The Patriotic Wisdom Of General John Stark

One of the most impressive names in the annals of American Revolutionary War leadership is that of General John Stark of New Hampshire.  Few of his peers equaled him in fighting prowess, tenacity, and strength of character; and while his name may be unfamiliar today, this is only because he was an apolitical animal who scrupulously refused to seek the garlands of notoriety and fame.

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Do Not Accept Half-Confidences! (Podcast)

One of John Paul Jones’s leadership principles was this: don’t accept “half-confidences” from people. This was discussed in the essay on his leadership principles. This means that if you are in charge, you have a right to expect people to give you a reasonable chance at doing the job. If you are being constantly questioned, undermined, micromanaged, and doubted, then your superiors or your people are not giving you their full confidence. You need to take steps to assert your control.

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Some Leadership Principles Of John Paul Jones, In His Own Words

John Paul Jones, in a 1781 portrait [PD: US]

I have lately had the pleasure to read some of John Paul Jones’s correspondence during the American Revolution.  It was a surprise to me how many notables he communicated with—not just with his political superiors, but with Benjamin Franklin, the King of France, Lafayette, and many others. 

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The Ruses Of Diocles, Agnon, And Pindar

Wisdom is neither easily found, nor painlessly acquired.  If we seek it out, it is likely to present itself to the prospector in a way that conceals its true utility.  In the same way that precious metals and gems are distributed unevenly and clandestinely among geologic sediments, so is wisdom often submerged in quantities of intervening irrelevancies, or cloaked in a sheen of protective coloration.  For wisdom—prudentia—knows that only the truly worthy will bring to bear pickaxe, shovel, and grindstone to extract, refine, and polish her secret ores for all the world to see. 

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See The Throat, And Latch On To It

The Roman lawyer and government official Pliny the Younger wrote a fascinating letter to the historian Cornelius Tacitus that has fortunately been preserved for posterity (Letters I.20).  The topic discussed is whether it is better to deliver a long speech, or a short one.  Pliny says he has often debated this subject with a learned friend who believes conciseness in public speech is the best policy.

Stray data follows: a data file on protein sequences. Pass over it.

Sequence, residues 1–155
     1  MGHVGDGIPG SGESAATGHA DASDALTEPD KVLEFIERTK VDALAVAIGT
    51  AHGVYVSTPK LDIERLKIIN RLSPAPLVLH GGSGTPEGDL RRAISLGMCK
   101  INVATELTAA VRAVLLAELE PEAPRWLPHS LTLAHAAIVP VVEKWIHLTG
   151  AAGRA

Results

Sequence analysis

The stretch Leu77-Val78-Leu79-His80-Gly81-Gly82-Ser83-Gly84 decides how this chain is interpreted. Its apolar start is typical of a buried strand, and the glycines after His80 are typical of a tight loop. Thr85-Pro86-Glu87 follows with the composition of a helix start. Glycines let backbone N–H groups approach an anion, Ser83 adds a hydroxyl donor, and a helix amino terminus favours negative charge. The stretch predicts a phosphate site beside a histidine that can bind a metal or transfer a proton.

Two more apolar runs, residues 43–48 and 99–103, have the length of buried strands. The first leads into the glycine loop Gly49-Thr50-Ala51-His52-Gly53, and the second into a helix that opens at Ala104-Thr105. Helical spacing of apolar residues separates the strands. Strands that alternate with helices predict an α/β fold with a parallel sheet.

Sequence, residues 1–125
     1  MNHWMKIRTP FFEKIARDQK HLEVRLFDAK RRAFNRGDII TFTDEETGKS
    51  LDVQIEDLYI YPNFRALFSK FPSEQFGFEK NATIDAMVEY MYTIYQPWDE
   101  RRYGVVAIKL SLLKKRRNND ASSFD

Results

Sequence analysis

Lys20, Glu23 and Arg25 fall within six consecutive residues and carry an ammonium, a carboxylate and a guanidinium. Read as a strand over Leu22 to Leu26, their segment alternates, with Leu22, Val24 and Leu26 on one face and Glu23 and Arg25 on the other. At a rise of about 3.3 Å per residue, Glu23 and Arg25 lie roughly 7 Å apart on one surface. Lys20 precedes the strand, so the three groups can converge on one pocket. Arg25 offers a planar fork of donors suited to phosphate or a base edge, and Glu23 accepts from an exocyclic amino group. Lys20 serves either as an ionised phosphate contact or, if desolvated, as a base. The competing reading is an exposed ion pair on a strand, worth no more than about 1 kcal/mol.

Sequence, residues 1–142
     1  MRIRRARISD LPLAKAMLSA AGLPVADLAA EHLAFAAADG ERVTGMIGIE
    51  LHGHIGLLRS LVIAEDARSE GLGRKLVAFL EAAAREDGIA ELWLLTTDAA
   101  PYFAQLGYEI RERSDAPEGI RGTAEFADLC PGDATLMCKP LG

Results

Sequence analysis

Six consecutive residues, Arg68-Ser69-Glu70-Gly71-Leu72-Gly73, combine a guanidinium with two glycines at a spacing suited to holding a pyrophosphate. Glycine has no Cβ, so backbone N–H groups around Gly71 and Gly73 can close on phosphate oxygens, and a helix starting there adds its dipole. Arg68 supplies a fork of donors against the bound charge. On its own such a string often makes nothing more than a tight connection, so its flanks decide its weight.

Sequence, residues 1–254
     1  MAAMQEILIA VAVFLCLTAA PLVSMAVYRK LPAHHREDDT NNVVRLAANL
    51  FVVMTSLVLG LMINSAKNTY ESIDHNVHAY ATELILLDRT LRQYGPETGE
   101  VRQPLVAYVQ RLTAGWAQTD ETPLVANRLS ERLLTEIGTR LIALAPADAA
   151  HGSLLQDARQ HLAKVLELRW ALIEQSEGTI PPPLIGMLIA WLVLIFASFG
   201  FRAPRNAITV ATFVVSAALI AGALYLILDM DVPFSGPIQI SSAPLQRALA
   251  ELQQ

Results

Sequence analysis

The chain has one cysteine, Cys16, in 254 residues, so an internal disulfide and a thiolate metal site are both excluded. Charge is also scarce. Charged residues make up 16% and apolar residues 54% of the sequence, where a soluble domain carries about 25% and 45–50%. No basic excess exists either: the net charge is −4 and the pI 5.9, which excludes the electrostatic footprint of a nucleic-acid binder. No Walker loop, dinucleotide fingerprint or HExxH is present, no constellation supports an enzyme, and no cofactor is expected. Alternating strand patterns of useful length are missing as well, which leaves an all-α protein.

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You Have Agency (Podcast)

There are some who see themselves as twigs spinning endlessly in mighty rivers, or as tufts of grass being blown around by the winds. There are also some who see ambiguity in everything, and refuse to draw meaningful conclusions about events right in front of their noses. This view is not only crippling to morale, it is also destructive, because it leaves you open to suggestion and manipulation by hostile forces. Those who refuse to take charge of their own destinies, and who allow themselves to be crippled by resentments, inevitably allow their fates to be shaped by others.

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No Example, No Trust

The emperor Julius Valerius Maiorianus, known to English-speaking posterity as Majorian, was a vigorous and able sovereign.  He is conceded to have been one of the last western Roman leaders who made an energetic effort to maintain and improve the empire’s institutions.  Even Gibbon, who usually had only snide comments for the later occupants of the Roman throne, condescended to say a good word for him in chapter 36 of his History.  

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Our Actions Direct The Waters Of Fortune

There are many men who lack a certain sense of awe and grandeur at the inscrutable workings of Nature.  They are apt to favor crank theories instead of considered judgments; and they recline in  negativity and pessimism when the time comes for them to perform in the face of adversity.   They lack faith in the ability of the human soul to accomplish truly great things, because they themselves have no awareness of the capacities of that divine soul. 

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